“For savers who find the current interest rates of the major Dutch banks of around 1 percent too low, there are alternatives. Quite a few new banks have joined over the years that offer significantly higher savings rates, currently up to 2.3 percent. If enough customers switch to such a competitor, at some point banks are bound to raise their savings rates as well. A savings account at a new bank can be opened in minutes, and the collapse of Silicon Valley Bank did highlight how quickly bank customers can move their savings these days. Of course, how much urgency there is for a bank to increase its savings rate does depend on its needs: how much money does it want to attract and how much credit does it want to provide?”

In addition to opening a savings account with a competing bank, consumers can also opt to invest the withdrawn money at low risk, such as in short-term German government bonds. Kalshoven: “Then you may get an interest rate of around 3 percent, which is close to the current ECB rate. Of course, you have to take into account that investments involve transaction costs and are taxed differently than a savings account.” 

Making money
The fact that after the ECB raised the policy rate mortgage rates started to rise faster than savings rates makes sense, Kalshoven argues. After all, to make a profit, the bank must attract money at a lower rate than the rate at which it lends it.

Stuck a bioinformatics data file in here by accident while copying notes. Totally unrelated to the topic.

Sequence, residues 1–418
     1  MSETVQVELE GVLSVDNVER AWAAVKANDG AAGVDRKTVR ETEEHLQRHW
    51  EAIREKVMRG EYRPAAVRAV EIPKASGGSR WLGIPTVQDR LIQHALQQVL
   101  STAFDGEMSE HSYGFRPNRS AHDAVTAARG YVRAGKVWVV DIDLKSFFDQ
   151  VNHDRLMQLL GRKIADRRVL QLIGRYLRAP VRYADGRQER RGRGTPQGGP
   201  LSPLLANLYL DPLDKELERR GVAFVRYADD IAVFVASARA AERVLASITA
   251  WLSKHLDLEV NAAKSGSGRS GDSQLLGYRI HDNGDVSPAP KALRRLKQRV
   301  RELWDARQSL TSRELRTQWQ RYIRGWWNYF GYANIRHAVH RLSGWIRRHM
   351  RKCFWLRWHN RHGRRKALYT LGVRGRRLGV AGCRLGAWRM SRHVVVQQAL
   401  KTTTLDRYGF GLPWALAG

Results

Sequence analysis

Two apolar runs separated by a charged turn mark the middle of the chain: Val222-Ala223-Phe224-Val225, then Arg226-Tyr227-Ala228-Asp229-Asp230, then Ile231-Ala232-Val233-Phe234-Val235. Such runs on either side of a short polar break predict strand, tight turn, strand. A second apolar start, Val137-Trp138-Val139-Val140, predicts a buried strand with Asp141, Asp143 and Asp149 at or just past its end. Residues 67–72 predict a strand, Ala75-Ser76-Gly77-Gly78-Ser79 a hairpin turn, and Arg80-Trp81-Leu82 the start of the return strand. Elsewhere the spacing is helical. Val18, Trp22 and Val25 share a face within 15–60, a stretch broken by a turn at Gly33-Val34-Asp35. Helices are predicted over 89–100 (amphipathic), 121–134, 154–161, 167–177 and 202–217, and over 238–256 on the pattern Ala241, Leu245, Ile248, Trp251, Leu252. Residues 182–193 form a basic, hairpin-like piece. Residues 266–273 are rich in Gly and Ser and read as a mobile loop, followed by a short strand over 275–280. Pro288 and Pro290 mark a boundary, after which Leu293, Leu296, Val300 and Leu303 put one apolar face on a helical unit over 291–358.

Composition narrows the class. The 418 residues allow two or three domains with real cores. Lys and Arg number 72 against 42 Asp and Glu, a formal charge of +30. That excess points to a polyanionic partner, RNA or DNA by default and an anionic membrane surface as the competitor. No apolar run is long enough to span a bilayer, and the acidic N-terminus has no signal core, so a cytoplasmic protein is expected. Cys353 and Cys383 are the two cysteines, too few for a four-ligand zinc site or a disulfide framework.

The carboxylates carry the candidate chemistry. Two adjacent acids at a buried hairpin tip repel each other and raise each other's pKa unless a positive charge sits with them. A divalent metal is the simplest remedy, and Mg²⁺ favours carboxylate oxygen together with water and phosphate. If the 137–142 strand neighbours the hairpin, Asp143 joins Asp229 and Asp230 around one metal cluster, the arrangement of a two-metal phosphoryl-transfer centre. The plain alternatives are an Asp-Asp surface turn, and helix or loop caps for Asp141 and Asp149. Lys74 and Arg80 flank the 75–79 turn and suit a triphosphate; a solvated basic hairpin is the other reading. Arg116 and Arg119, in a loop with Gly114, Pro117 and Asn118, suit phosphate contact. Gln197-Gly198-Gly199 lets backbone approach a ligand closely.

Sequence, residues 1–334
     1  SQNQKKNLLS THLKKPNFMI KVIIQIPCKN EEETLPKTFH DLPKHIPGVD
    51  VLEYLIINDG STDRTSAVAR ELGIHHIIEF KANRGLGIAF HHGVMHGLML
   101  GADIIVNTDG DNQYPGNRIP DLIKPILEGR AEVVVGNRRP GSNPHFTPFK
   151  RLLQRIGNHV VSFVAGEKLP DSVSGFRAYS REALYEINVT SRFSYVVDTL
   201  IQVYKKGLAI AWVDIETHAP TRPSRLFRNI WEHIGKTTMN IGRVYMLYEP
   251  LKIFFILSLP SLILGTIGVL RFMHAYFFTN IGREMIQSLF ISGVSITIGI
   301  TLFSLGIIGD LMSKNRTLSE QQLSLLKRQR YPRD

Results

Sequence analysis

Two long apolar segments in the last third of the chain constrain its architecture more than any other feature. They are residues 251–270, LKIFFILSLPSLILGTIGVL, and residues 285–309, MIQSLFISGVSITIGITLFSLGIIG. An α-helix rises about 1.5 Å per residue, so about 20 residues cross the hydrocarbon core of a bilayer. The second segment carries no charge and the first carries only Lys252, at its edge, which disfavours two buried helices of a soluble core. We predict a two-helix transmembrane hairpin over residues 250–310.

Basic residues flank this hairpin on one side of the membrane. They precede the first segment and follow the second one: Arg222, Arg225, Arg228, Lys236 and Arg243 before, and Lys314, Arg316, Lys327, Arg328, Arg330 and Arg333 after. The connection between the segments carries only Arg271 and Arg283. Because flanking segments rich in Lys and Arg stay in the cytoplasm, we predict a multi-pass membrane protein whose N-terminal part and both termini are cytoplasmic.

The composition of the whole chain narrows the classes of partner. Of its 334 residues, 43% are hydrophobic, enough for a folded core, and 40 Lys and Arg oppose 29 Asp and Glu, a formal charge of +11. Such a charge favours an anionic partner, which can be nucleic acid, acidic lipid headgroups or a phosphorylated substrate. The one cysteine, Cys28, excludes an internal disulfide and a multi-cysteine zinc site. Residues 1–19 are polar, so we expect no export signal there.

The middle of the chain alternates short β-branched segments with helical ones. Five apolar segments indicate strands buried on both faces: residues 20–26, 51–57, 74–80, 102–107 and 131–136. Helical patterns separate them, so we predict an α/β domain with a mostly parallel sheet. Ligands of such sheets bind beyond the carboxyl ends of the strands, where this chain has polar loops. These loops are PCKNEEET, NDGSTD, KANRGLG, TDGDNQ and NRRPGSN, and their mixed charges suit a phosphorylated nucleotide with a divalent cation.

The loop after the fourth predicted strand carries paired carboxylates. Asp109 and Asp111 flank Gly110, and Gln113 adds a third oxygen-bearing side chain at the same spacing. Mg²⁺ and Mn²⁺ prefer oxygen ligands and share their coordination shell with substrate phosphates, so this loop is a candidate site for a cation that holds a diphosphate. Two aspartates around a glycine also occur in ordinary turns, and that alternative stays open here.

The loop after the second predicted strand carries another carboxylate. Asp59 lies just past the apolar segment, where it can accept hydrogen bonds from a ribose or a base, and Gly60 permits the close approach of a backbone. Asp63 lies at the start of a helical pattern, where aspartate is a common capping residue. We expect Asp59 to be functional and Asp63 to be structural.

“Roughly speaking, a bank attracts savings and extends business loans and mortgages. Consumers have a long-term fixed interest rate on their mortgages, especially in recent years. Therefore, out of a bank’s total mortgage portfolio, there is only a small portion each year with variable interest rates - the newly closed mortgages. But if a bank changes the savings rate, it has to do so for all its savings accounts at once. That has an immediate financial impact, while a change in mortgage rates has a delayed effect. Ultimately, a bank still has to make money with its interest rate business. So it is not surprising that after an increase in the ECB interest rate, savings rates may rise a little less than mortgage rates.”


Kalshoven therefore agrees with the Belgian central bank, which spoke out against raising the minimum savings rate. “If you force banks to raise savings interest rates, you can also disrupt lending. Because what do you do as a government when banks respond to a forced increase by raising the price of credit? Then you have to invent a new measure for that too. Then politicians will increasingly sit in the bank manager’s chair. It is good that there is legislation to prevent excesses - and regulators who monitor them. But within these frameworks, it is really wiser to leave business decisions to the companies - in this case banks.”

Champion borrowers

So, a government-imposed minimum savings interest rate is not a good idea on the whole? “Right, because there are enough choices for consumers to ensure a well-functioning market. In the Netherlands, savings interest rates have also risen quite a bit. It is true that in the Netherlands, many people save through pension funds, while Belgians accumulate much more through their savings accounts and home ownership. The Dutch, on the other hand, are champions of borrowing, with their high mortgages. Perhaps that is why they are more likely to complain about mortgage interest rates than the Belgians, for whom it seems to be the other way around.”